CROSSTALK No. 005: “Sound enhancer?”

When the other day I received the manufactured copy of a disc that we just finished, I was surprised by the sound when I heard it on iTunes®, which is the program that has my default computer to play a compact disc. It sounded brighter, there was something in the highs that was not what I remembered. I took it and compared it with the original audio that the Wavelab program generates, because we had mastered it in my studio, and this audio was good, listening to it by the Mac Preview. Then I did the same with the audio of the album and I auditioned for the same player and it turns out that it was correct, the difference was generated by iTunes®.


iTunes® preference panel

In the year 2001 after disarming Le Garage Studio with my partners José Gassó and Miguel González, I had to evolve towards a digital platform on a computer to work on my own and I had to choose which program to use. The engineer Jesus Jimenez had drums captured in a hard disk recorder Fostex and I took those audios and process them in the same way, in 4 programs that we had for the moment: Pro Tools (Digidesign), Digital Performer (Mark of the Unicorn), Logic (Emagic) and Cubase Vst 32 (Steinberg). First I made a mix with each one without any kind of process and the same levels; and later I repeated the mix panning and applying the same equalization to some channels to see how it responded with its native processes. We heard these mixes at the Optilaser Masterization room, the best place to make a blind comparison, and the differences were dramatic in some cases. I decided in favor for the sound of Steinberg, but coincidentally at that time I met Mexico’s representative of Digidesign and I told him about the experiment, and without letting me finish telling him the result, he himself told me that their strength was marketing and not the audio. Today, in 2014, these discrepancies are almost imperceptible.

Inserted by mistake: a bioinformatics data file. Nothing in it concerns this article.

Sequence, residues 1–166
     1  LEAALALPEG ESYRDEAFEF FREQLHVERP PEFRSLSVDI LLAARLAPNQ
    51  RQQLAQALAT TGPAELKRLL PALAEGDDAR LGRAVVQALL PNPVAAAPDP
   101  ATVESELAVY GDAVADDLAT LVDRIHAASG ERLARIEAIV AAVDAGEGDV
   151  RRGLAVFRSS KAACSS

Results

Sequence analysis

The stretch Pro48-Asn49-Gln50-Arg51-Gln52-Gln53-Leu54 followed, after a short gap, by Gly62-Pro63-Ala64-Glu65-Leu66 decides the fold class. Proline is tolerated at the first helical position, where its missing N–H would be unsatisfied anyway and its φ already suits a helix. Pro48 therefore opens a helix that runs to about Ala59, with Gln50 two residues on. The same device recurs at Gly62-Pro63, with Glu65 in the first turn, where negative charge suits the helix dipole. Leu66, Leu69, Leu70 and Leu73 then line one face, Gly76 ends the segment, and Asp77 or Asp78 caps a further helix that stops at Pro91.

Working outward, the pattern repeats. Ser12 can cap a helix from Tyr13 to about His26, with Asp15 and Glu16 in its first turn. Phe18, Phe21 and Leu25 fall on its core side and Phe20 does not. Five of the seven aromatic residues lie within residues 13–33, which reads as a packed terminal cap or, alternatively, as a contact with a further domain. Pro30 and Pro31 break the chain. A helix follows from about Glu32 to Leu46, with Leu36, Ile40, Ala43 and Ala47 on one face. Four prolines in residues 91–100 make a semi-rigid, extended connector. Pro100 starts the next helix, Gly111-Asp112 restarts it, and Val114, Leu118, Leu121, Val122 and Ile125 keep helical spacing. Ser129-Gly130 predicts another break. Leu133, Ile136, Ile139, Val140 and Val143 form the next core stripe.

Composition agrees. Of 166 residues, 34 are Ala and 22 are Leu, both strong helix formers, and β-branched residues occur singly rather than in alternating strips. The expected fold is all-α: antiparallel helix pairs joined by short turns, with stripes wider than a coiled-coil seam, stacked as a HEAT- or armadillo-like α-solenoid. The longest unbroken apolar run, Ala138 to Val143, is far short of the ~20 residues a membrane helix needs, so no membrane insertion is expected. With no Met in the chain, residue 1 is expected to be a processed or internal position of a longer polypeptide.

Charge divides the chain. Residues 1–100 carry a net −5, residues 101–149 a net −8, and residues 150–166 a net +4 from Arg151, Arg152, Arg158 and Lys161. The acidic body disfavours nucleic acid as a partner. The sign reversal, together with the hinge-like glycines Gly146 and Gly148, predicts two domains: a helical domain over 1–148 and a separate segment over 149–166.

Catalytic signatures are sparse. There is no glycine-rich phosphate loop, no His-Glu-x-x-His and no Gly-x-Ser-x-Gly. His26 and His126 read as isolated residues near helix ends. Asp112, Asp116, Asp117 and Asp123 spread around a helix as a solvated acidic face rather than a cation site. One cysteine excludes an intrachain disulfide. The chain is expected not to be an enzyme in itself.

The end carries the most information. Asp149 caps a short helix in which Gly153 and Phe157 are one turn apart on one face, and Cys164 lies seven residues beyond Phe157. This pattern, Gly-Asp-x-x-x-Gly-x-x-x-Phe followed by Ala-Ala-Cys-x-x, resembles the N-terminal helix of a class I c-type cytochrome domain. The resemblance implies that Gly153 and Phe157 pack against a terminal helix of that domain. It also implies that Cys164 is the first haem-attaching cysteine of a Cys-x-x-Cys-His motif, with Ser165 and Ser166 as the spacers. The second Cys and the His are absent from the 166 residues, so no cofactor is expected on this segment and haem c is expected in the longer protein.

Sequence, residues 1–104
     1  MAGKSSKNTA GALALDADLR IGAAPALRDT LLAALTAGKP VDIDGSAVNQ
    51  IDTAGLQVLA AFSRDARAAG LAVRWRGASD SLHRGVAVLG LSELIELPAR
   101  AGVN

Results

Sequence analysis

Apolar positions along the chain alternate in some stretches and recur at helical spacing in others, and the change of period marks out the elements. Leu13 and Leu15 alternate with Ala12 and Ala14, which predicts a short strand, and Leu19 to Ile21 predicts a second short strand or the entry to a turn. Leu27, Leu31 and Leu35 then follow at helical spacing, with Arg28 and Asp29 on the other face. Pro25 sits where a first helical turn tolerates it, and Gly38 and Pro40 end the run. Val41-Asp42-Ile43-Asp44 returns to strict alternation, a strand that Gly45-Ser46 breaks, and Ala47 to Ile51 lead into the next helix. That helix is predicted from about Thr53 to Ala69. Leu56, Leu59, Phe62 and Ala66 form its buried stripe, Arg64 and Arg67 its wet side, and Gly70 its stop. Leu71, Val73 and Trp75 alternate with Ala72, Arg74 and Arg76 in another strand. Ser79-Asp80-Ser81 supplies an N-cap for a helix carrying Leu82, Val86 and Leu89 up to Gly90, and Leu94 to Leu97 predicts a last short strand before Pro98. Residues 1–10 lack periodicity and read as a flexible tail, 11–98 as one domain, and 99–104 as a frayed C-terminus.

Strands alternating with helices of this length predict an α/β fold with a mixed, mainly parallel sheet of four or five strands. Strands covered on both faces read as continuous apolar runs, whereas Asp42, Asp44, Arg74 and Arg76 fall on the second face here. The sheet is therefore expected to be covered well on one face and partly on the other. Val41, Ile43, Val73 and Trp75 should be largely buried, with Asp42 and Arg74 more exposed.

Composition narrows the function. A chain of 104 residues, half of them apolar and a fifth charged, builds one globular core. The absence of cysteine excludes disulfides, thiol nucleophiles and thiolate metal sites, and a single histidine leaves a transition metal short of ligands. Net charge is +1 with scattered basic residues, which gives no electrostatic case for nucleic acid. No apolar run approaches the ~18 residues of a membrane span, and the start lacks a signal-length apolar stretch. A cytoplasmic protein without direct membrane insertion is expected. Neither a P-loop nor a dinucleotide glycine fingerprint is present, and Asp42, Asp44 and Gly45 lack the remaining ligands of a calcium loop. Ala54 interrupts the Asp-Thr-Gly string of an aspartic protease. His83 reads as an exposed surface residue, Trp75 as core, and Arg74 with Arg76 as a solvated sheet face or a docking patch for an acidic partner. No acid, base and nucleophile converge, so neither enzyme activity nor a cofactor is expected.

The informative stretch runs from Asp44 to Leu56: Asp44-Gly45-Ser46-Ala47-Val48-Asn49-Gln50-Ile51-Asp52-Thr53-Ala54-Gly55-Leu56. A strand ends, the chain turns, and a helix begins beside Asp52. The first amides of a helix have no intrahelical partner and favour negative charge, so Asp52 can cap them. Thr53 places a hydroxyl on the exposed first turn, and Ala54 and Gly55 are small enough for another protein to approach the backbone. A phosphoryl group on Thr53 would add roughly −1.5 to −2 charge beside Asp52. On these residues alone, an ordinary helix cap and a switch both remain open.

I bring this example, because it repeats the case of how marketing remains the priority so shamelessly a company that has flooded the planet with devices / programs to listen to compressed, deteriorated and defenseless music; this same abuse is applied to any audio that passes through its algorithms. The improvements made to the program are aesthetic, practical, but not substantive. They are so aware of this that in the preferences of the program there is an option, which by default is turned on, to turn off or turn on an audio enhancer. When it is off, it looks as opaque as a tape with the head well dirty or with a low pass filter at 8 KHz. And the incredible thing is that when you listen to the simplest way on Mac, which is selecting the file and clicking the spacebar, it sounds almost perfect.

It is important to find the practical way to play audios where they are altered as little as possible, for example, using the same program used to mix and import a file.